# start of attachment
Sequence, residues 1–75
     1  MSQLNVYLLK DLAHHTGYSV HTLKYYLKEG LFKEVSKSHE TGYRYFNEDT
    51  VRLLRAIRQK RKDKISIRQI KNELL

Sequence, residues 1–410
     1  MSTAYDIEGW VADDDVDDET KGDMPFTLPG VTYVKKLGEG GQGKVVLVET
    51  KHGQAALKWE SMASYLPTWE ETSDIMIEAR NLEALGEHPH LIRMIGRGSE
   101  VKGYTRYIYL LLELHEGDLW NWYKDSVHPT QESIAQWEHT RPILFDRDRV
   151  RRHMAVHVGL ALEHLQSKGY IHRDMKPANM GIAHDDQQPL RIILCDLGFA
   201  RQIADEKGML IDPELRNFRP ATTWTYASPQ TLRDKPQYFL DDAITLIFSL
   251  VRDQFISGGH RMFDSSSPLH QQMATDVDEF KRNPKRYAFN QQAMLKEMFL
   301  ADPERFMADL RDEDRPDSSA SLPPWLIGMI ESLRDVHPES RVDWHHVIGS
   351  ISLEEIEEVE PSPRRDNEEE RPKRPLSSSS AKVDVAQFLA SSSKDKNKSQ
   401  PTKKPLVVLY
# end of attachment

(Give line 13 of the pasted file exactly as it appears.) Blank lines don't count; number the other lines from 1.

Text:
   401  PTKKPLVVLY